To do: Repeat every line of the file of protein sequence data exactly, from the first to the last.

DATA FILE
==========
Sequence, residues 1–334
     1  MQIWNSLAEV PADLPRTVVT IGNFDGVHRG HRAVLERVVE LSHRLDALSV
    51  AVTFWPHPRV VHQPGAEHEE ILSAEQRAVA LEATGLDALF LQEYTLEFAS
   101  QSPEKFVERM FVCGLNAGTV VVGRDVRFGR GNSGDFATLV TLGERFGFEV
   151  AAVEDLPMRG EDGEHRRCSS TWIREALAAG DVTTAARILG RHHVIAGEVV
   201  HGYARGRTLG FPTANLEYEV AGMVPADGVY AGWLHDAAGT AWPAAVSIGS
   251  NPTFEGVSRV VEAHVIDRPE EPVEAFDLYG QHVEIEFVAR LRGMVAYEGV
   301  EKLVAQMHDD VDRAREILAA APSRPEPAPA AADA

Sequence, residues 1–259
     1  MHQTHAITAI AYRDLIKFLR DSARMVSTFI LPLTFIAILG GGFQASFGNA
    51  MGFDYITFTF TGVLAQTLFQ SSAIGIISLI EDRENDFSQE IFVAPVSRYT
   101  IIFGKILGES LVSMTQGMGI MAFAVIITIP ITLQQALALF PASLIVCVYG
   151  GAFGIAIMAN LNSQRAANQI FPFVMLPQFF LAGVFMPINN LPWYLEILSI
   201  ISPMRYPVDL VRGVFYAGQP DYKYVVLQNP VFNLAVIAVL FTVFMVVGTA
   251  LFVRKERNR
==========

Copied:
Sequence, residues 1–334
     1  MQIWNSLAEV PADLPRTVVT IGNFDGVHRG HRAVLERVVE LSHRLDALSV
    51  AVTFWPHPRV VHQPGAEHEE ILSAEQRAVA LEATGLDALF LQEYTLEFAS
   101  QSPEKFVERM FVCGLNAGTV VVGRDVRFGR GNSGDFATLV TLGERFGFEV
   151  AAVEDLPMRG EDGEHRRCSS TWIREALAAG DVTTAARILG RHHVIAGEVV
   201  HGYARGRTLG FPTANLEYEV AGMVPADGVY AGWLHDAAGT AWPAAVSIGS
   251  NPTFEGVSRV VEAHVIDRPE EPVEAFDLYG QHVEIEFVAR LRGMVAYEGV
   301  EKLVAQMHDD VDRAREILAA APSRPEPAPA AADA

Sequence, residues 1–259
     1  MHQTHAITAI AYRDLIKFLR DSARMVSTFI LPLTFIAILG GGFQASFGNA
    51  MGFDYITFTF TGVLAQTLFQ SSAIGIISLI EDRENDFSQE IFVAPVSRYT
   101  IIFGKILGES LVSMTQGMGI MAFAVIITIP ITLQQALALF PASLIVCVYG
   151  GAFGIAIMAN LNSQRAANQI FPFVMLPQFF LAGVFMPINN LPWYLEILSI
   201  ISPMRYPVDL VRGVFYAGQP DYKYVVLQNP VFNLAVIAVL FTVFMVVGTA
   251  LFVRKERNR